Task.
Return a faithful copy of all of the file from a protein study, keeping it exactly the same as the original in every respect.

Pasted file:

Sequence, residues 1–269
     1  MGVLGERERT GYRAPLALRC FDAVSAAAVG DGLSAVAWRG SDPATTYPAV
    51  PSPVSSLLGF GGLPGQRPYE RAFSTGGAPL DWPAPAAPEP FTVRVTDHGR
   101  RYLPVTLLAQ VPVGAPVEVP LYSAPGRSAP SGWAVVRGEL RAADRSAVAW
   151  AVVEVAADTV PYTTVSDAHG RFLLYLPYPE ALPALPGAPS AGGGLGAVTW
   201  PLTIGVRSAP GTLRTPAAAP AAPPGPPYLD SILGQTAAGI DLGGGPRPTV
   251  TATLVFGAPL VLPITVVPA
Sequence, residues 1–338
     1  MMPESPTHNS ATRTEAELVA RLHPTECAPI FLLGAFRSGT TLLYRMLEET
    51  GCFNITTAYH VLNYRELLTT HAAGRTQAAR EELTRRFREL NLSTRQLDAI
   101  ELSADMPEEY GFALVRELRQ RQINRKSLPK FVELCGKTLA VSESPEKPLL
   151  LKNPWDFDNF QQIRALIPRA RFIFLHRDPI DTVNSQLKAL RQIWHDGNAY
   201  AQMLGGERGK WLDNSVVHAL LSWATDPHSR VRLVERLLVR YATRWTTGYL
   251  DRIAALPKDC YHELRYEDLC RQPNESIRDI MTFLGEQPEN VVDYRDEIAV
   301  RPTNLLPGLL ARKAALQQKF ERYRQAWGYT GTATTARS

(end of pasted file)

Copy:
Sequence, residues 1–269
     1  MGVLGERERT GYRAPLALRC FDAVSAAAVG DGLSAVAWRG SDPATTYPAV
    51  PSPVSSLLGF GGLPGQRPYE RAFSTGGAPL DWPAPAAPEP FTVRVTDHGR
   101  RYLPVTLLAQ VPVGAPVEVP LYSAPGRSAP SGWAVVRGEL RAADRSAVAW
   151  AVVEVAADTV PYTTVSDAHG RFLLYLPYPE ALPALPGAPS AGGGLGAVTW
   201  PLTIGVRSAP GTLRTPAAAP AAPPGPPYLD SILGQTAAGI DLGGGPRPTV
   251  TATLVFGAPL VLPITVVPA
Sequence, residues 1–338
     1  MMPESPTHNS ATRTEAELVA RLHPTECAPI FLLGAFRSGT TLLYRMLEET
    51  GCFNITTAYH VLNYRELLTT HAAGRTQAAR EELTRRFREL NLSTRQLDAI
   101  ELSADMPEEY GFALVRELRQ RQINRKSLPK FVELCGKTLA VSESPEKPLL
   151  LKNPWDFDNF QQIRALIPRA RFIFLHRDPI DTVNSQLKAL RQIWHDGNAY
   201  AQMLGGERGK WLDNSVVHAL LSWATDPHSR VRLVERLLVR YATRWTTGYL
   251  DRIAALPKDC YHELRYEDLC RQPNESIRDI MTFLGEQPEN VVDYRDEIAV
   301  RPTNLLPGLL ARKAALQQKF ERYRQAWGYT GTATTARS